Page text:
EIS members take fourth day of strike action over pay
College lecturers across Scotland are today taking their fourth day of strike action as part of a long-running pay dispute.
Lecturer members of the EIS Further Education Lecturers’ Association (EIS-FELA) are campaigning for a fair cost of living increase, in line with current public sector pay policy. Lecturers have not had a cost of living pay rise since April 2016.
However, the employers’ association, Colleges Scotland, has offered what amounts to a consolidated uplift of only 2% over a three-year period for the majority of our members, while also seeking to tear-up existing commitments on lecturers’ working conditions.
In an escalation of the dispute, EIS-FELA is also in the midst of a statutory ballot on industrial action short of strike. Should members vote in favour of the action, the escalating action will include a boycott of college results systems and a withdrawal of goodwill. This action would run concurrently with the ongoing programme of strike action.
Last week, delegates at the EIS-FELA Annual General Meeting unanimously backed a Vote of No Confidence in the management body, Colleges Scotland, following its failure to negotiate in good faith towards a fair pay settlement.
EIS-FELA President Pam Currie said: “College Scotland’s offer falls far short of public sector pay policy, and now they have suggested that we sacrifice terms and conditions in order to make a deal. We do not want to take strike action, boycott results or withdraw our goodwill. We work in Further Education because we care about our students and want them to have the best possible college experience.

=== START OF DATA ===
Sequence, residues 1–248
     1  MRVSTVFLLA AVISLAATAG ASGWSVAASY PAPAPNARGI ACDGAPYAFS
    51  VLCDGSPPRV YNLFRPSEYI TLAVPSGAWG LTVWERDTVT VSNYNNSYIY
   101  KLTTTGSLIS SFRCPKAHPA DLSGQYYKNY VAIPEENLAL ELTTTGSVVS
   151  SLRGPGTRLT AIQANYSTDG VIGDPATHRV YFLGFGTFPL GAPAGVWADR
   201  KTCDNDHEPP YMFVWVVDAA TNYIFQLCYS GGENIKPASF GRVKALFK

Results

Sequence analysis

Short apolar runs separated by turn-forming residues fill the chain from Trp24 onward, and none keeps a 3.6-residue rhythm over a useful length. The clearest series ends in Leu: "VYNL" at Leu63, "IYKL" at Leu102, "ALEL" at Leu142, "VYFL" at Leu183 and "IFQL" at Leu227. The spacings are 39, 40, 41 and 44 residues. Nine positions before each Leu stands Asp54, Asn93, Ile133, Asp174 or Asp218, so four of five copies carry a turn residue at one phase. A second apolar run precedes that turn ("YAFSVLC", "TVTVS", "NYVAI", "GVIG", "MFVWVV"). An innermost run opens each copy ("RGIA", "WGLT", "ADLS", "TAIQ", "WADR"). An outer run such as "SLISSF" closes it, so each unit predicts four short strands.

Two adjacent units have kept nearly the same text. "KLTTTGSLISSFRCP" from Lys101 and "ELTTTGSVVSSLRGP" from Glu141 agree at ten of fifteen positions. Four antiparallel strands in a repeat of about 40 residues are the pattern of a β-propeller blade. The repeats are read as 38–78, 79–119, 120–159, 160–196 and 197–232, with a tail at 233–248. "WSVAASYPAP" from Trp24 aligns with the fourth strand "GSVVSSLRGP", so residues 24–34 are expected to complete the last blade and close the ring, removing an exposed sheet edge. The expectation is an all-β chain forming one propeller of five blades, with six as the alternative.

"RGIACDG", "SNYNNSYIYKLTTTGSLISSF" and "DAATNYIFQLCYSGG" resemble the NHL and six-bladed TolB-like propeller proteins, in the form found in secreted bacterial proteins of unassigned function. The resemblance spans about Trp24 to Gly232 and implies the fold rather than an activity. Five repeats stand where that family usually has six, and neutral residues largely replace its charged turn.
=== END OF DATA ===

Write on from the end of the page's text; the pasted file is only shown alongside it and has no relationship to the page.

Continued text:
“However, this is the last resort available to us if we are to protect our terms and conditions, secure a fair cost of living pay rise and protect national bargaining, not only now but in years to come.”
EIS general secretary Larry Flanagan said: “EIS-FELA members have stood strong and united throughout this strike while Colleges Scotland has shown it is unwilling to engage in meaningful negotiations. It is especially disappointing that Colleges Scotland failed to accept the EIS offer to suspend strike action earlier this month and again this week.
“This decision led to a new ballot which may further escalate this dispute. With Colleges Scotland unwilling to negotiate a fair pay settlement, it is now time for the Scottish government to step in to facilitate a negotiated agreement.”
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